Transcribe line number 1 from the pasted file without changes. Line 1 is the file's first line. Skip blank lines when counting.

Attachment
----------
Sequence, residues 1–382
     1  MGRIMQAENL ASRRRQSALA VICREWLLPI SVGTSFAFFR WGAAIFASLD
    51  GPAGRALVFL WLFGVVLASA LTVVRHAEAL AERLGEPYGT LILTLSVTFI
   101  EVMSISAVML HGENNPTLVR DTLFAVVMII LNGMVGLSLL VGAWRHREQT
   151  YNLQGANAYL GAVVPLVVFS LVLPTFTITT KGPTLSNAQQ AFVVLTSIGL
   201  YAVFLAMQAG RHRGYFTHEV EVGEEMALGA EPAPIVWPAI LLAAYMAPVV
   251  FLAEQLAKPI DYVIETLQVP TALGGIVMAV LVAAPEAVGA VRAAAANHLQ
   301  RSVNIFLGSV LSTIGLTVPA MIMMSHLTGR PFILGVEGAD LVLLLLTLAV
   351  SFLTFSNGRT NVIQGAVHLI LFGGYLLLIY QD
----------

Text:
Sequence, residues 1–382